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May 2016: You Asked.

How do communities regulate shooting ranges?

We are being tasked with developing zoning regulations specific to shooting ranges, so I would like to see examples from other communities and information on impacts and successful mitigation.

We Answered.

A number of communities have adopted zoning regulations for shooting ranges. Outdoor ranges are typically special or conditional uses in agricultural, industrial, or similar districts. Ordinance provisions focus on setbacks from property lines and nearby structures, often require fencing or berms/barriers or other safety and security structures, and can include limitations on hours of operation and other operational and safety standards.

Indoor shooting ranges are usually permitted in certain business, manufacturing, or industrial districts subject to conformance with listed standards or as conditional or special uses. Some communities include distancing requirements from residential uses. Most also address soundproofing and prevention of noise nuisances, as well as specific building construction standards to protect against ammunition escape; some also specify operational standards, including limitations on hours of operation.

Most ordinances leave detailed design criteria to federal and industry standards; for example, by referencing the standards provided by the National Rifle Association's Sourcebook, or the U.S. DOE Office of Health, Safety, and Security's publication on range design criteria.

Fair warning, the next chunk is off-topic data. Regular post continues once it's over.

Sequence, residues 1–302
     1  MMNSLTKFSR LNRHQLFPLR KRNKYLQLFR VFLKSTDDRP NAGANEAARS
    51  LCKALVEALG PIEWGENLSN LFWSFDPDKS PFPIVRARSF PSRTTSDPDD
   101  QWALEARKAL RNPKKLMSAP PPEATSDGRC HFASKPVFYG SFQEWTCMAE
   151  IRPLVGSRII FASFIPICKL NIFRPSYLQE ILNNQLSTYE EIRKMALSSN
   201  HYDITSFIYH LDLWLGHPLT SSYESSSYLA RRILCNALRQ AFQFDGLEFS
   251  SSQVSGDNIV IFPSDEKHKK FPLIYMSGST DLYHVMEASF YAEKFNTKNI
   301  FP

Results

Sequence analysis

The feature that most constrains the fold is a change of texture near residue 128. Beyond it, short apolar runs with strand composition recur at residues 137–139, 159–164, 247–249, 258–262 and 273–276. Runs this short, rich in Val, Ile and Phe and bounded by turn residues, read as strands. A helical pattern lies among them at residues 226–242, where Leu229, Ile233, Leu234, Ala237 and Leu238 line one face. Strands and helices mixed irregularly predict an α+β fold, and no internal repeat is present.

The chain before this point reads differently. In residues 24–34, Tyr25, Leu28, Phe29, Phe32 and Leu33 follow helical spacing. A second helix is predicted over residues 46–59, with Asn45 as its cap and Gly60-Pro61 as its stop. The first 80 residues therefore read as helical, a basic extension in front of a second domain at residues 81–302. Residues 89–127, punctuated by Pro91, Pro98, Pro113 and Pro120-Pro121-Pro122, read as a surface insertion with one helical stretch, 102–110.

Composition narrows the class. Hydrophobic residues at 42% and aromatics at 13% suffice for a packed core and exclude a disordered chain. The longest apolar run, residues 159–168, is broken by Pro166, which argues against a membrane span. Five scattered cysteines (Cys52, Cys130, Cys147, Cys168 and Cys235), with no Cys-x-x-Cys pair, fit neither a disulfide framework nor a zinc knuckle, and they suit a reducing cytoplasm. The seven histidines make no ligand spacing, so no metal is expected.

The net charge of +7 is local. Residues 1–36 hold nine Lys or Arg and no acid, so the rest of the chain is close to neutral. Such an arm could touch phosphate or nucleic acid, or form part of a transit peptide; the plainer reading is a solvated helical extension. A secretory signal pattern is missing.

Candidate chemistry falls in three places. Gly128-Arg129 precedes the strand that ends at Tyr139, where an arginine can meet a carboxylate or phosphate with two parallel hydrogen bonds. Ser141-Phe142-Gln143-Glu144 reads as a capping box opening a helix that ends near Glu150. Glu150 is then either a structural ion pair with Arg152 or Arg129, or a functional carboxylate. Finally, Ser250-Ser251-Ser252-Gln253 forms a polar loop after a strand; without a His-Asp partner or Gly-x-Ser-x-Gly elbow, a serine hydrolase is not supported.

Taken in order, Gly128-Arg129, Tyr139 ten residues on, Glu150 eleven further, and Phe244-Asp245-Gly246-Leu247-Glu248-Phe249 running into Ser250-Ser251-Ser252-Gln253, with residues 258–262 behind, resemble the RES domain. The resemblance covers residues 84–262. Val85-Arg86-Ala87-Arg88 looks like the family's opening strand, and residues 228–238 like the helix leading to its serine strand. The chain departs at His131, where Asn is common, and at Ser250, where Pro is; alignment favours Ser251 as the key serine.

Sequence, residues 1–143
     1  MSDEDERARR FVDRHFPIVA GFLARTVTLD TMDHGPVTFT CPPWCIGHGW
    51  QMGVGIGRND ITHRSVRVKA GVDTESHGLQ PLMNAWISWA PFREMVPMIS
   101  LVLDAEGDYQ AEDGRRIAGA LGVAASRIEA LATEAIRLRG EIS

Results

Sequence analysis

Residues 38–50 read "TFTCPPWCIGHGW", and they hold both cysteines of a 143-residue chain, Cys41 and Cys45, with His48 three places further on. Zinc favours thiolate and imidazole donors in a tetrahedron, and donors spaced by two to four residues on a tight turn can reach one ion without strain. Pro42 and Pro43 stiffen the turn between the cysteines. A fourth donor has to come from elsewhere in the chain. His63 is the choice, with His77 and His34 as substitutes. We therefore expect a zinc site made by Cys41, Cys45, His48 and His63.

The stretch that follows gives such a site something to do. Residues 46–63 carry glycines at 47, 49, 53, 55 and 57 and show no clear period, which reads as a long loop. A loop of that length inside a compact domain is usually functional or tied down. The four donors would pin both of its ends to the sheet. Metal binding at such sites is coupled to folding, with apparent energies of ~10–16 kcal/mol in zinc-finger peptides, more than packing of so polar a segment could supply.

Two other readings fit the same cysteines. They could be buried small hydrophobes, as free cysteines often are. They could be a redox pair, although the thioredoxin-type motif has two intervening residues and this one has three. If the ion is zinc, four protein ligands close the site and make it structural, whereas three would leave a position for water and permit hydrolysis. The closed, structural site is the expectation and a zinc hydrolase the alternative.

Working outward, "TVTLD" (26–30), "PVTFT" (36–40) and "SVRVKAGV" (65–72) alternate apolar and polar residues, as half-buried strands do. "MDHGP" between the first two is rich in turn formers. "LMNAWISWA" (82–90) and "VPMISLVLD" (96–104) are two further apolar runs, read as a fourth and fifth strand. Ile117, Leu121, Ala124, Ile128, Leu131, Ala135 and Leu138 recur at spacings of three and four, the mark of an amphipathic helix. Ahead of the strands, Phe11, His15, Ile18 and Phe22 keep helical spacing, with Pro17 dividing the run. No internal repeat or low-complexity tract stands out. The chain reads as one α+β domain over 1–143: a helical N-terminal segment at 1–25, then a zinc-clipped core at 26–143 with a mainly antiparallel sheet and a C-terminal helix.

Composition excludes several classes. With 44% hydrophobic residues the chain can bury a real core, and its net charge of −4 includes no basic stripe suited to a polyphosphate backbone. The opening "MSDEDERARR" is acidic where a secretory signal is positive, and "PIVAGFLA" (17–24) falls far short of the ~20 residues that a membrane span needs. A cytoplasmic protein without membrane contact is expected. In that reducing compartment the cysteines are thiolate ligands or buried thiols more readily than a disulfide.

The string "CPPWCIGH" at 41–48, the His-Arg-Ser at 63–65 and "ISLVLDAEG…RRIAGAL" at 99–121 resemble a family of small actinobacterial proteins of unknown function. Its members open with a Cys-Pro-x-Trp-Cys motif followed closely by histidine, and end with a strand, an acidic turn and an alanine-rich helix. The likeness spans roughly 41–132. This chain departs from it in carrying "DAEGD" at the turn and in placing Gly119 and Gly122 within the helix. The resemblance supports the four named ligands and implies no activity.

The main negative impacts of shooting ranges are safety issues, noise, and potential lead contamination. Protection from stray bullets and noise nuisances are the greatest concerns with regard to proximity of firing ranges to residential areas, though lead from ordnance is the greater environmental concern. The proper management of spent ammunition is important to minimize human exposure and avoid significant negative impacts on wetlands and wildlife.

Safety is largely addressed through required setbacks from property lines and residential areas or structures, as well as range design that establishes adequate backstops, protective berms, and other design and structural safety protections. For outdoor shooting ranges, setbacks can be on the order of 500 to 2,500 feet, but the specifics can vary widely. Because indoor shooting ranges are contained and enclosed, they are acceptable in a wider range of districts, so often communities will adopt distancing requirements from residential uses, structures, or public rights of way.

Noise impacts can be mitigated through enhanced setbacks as well as a number of different approaches. Operational approaches include controlling hours of operation or scheduling of range use to reduce noise impacts at certain times, and controlling the number of individuals using the range and the types of equipment they are shooting. Siting considerations are most important when first considering sites or laying out shooting range design. Engineering approaches include adding walls, boxes, sound panels, and other structures to dampen or deflect sound, as well as incorporating vegetated berms into the site design for sound attenuation as well as safety. Finally, vegetation, including evergreen trees and fast-growing shrubbery, can help absorb sound as well as provide visual screening.

 

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